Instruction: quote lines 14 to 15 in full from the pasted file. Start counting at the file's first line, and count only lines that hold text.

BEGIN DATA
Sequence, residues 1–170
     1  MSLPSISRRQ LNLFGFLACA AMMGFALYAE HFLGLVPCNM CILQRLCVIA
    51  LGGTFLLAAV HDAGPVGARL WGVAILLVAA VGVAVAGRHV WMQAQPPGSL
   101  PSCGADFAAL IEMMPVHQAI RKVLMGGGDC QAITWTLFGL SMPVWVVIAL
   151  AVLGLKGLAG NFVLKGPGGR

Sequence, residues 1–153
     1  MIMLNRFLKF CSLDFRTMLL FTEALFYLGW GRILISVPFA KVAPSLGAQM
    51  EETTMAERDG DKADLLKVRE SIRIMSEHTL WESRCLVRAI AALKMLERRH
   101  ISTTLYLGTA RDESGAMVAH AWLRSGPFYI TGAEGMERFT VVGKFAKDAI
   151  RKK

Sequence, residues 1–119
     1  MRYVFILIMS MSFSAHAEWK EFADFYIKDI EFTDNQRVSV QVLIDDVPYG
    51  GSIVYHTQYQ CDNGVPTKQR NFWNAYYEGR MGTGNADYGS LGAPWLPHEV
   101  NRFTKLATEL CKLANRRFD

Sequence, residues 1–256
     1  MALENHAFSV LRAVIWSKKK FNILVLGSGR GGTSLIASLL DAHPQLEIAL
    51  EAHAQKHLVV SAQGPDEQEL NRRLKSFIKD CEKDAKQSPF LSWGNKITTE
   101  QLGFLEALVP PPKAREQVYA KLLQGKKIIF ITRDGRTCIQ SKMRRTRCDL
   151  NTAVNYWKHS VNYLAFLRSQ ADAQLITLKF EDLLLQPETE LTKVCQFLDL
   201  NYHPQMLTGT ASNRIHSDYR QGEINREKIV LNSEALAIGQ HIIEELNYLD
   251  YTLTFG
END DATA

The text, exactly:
   101  NRFTKLATEL CKLANRRFD

Sequence, residues 1–256